Italy: Still a favorite destination for Islamic investors (Part III)

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Italy is getting ready for the general elections that are scheduled for next March. Prime Minister Paolo Gentiloni’s Democratic Party is trailing both a center-right coalition led by former prime minister Silvio Berlusconi and the anti-establishment Five Star Movement led by Luigi Di Maio.

It is hard to predict the outcome of the elections, but based on the current polls, and considering the new election law which was recently approved, it is likely that none of the three main electoral forces will have control of parliament a er the vote.

Should this be the case, Sergio Maarella, Italy’s president, could renew Gentiloni’s term to allow him to lead a government of national unity a er the vote, quite similar in nature to the German CDU/ CSU-SPD Grosse Koalition.

This scenario would allow Italy to undergo a further period of political stability which would be highly beneficial to the recovering economy, and would allow GDP growth to consolidate further in the coming years.

It would appear that foreign investors are being on this scenario if one considers, for example, that Monte dei Paschi di Siena, the world’s oldest bank which was rescued by the Italian government last year when it was on the verge of going bankrupt under

the weight of a huge bulk of non- performing loans, recently was not only able to raise EUR750 million (US$908.6 million) of 10-year Tier 2 bonds, but also saw the sale of its highly speculative triple-C rated bonds receiving orders for EUR2.5 billion (US$3.03 billion).

We have previously reported on preferred asset classes for foreign Islamic investors looking at Italy and have focused on real estate and debt but the issue that has grabbed most market headlines in recent months has been the sky-high level of equity prices. This time we will turn our attention to the equity market and in particular Islamic equity.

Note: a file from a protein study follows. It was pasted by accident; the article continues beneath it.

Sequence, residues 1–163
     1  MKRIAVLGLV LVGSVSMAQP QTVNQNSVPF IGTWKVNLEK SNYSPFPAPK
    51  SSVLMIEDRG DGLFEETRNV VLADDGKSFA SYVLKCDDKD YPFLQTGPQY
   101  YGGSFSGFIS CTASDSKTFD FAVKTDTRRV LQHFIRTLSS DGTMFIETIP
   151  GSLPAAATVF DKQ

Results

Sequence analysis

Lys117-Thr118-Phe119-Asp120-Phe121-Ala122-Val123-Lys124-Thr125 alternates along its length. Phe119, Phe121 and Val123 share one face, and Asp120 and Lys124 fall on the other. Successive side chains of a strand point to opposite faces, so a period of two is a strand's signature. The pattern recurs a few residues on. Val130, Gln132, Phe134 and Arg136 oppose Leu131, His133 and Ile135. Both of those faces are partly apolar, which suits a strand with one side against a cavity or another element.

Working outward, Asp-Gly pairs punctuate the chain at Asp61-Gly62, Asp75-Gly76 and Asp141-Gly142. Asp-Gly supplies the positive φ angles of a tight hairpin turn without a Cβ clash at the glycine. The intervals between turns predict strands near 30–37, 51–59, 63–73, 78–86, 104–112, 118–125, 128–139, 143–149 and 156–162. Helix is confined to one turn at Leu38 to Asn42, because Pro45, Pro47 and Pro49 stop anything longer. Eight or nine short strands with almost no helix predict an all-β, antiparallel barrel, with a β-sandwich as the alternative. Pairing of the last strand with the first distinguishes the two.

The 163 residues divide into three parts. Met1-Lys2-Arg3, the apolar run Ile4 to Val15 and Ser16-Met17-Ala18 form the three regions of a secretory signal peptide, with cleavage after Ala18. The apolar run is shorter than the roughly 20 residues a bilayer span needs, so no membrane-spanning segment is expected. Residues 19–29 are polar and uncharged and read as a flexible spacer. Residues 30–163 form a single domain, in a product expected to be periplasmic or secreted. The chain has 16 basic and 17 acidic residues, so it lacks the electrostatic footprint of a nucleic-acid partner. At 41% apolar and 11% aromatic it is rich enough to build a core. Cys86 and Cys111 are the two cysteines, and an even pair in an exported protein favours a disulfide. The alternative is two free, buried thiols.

As already mentioned, the Italian stock exchange manages the so-called ELITE program which is aimed at helping fast-growing companies access the debt and equity capital markets. It currently includes some 430 Italian companies with high-growth potential, 183,000 employees and aggregate revenues

of EUR46 billion (US$55.73 billion). It should be possible though appropriate screening to identify an Islamic ELITE basket which would include all those companies out of the ELITE program which meets Shariah criteria, ie not involved in non-Shariah compliant activity. In particular, the applied screens could be similar to other Shariah compliant indices: business activity,

ie excluding companies engaged in alcohol, tobacco, pork-related products, entertainment (casinos, gambling and pornography), weapons; conventional financial services, ie banking, insurance and so on; and biotechnology companies involved in human/animal genetic engineering) as well as a financial
ratio screen with regards to debt, cash and interest-bearing assets, accounts receivables, etc.

Once the basket has been construed, Islamic investors could easily target the companies that are in the basket knowing that they are fast-growing and meet Shariah criteria.

Stefano Padovani is a partner and the head of banking and finance at NCTM Studio Legale. He can be contacted at stefano. padovani@nctm.it. This article was first published on IFN (RedMoney Group)

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